Happy 20th birthday to Windows 95

It was on August 24, 1995 that Windows 95 was released, amidst much anticipation. It was the most widely anticipated Windows release of all time, and the runner up really isn’t close. The idea of people lining up for blocks for a Microsoft product sounds like a bit of a joke today, but in 1995 it happened.

I received a free copy of it because I worked at Best Buy in the summer of 1995 and I aced Microsoft’s test that demonstrated sufficient aptitude to sell it. A few weeks later I landed my first desktop support gig, ending my career in a blue shirt, which means I probably never actually talked anyone into buying a copy of it.

I got plenty of Win95 experience over the next couple of years though.

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Upgrading a Compaq Evo D510 for Windows 10 and beyond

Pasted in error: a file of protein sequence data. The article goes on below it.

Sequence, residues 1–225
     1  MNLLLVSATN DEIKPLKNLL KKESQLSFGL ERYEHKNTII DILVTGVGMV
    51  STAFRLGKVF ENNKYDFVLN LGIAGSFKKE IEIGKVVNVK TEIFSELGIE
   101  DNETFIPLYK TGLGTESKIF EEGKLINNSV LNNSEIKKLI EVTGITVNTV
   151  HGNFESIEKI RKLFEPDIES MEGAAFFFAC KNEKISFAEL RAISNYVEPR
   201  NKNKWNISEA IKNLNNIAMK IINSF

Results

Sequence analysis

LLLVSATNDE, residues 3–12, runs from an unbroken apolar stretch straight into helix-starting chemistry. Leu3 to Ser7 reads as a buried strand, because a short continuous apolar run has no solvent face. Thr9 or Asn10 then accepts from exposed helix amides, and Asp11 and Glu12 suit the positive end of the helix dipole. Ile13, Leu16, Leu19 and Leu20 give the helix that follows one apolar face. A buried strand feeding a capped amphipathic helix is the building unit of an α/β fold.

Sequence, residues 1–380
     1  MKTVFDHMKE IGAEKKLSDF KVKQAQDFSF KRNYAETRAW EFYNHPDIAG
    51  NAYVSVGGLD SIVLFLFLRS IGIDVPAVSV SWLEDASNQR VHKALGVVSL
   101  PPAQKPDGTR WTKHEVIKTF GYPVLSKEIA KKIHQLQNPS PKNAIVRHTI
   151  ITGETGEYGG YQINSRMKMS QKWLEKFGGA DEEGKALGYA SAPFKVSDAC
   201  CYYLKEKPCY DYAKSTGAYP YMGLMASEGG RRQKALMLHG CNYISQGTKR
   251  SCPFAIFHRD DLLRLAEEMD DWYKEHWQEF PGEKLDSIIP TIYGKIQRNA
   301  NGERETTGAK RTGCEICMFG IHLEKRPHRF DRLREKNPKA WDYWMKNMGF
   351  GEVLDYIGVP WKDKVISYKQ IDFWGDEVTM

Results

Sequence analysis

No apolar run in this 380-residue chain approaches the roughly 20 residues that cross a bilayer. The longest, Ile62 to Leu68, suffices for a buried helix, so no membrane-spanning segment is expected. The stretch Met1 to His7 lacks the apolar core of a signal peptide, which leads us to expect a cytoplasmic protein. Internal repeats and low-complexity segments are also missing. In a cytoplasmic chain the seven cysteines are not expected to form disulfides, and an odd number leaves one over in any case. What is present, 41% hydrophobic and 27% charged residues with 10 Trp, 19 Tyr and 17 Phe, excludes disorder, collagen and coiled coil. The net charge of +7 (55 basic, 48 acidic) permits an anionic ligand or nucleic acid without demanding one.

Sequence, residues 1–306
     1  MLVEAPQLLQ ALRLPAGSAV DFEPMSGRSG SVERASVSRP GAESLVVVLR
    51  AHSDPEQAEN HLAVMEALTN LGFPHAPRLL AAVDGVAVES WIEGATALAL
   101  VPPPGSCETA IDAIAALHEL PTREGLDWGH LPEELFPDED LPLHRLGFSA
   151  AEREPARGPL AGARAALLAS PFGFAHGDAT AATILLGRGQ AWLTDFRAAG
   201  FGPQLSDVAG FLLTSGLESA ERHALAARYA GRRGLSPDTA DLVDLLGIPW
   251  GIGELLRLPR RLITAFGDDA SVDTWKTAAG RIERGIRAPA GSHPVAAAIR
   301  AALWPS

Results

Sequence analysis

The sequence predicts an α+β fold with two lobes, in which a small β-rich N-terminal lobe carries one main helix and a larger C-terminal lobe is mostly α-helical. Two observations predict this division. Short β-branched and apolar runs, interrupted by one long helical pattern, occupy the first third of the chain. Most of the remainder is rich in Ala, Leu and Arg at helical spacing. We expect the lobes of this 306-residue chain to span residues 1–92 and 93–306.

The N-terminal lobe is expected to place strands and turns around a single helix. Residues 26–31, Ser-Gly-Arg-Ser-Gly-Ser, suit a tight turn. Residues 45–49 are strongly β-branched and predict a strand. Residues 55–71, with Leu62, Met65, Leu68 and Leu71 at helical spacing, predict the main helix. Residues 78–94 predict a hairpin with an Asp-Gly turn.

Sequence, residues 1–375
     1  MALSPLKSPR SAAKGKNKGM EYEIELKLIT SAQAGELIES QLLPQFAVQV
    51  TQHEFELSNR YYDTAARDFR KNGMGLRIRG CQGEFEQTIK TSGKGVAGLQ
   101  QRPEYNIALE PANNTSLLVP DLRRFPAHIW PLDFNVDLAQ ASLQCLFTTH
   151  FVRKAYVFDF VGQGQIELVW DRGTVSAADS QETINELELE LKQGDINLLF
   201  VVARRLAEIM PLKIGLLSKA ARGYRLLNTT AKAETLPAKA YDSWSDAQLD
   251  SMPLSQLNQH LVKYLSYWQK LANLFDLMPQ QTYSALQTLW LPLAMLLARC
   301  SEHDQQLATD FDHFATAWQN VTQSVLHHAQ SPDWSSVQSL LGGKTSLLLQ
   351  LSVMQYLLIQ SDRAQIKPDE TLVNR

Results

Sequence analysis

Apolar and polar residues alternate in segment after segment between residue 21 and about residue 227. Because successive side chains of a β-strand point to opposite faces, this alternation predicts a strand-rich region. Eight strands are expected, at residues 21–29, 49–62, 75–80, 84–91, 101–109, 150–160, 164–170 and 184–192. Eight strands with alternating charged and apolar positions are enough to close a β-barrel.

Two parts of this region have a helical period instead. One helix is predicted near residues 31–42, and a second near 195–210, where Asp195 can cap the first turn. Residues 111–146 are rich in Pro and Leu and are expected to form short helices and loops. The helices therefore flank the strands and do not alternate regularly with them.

I had an old Compaq Evo D510 full-size tower/desktop convertible PC, from the Pentium 4/Windows XP era, that I wanted to upgrade. The machine long ago outlived its usefulness–its Pentium 4 CPU is less powerful than the average smartphone CPU while consuming enough power to be a space heater–but the case is rugged, professional looking, and long since paid for. So I thought it was worth dropping something more modern into it.

I chose the Asrock Q1900M, which sports a quad-core Celeron that uses less than 10 watts of power and runs so cool it doesn’t need a fan. It’s on par with an early Intel Core 2 Duo when it comes to speed, which won’t turn any heads but is plenty fast to be useful, and the board can take up to 16 GB of DDR3 RAM and it’s cheap. I put 16 GB in this one of course. I loves me some memory, and DDR3 is cheap right now.

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Building DOS gaming PCs

The ultimate DOS gaming PC is a topic that I’ve seen come up in forums frequently, and that I’ve been asked directly a number of times. I guess since I published advice on running DOS games on Windows PCs on two continents, people figured I knew something about that. I guess I fooled them!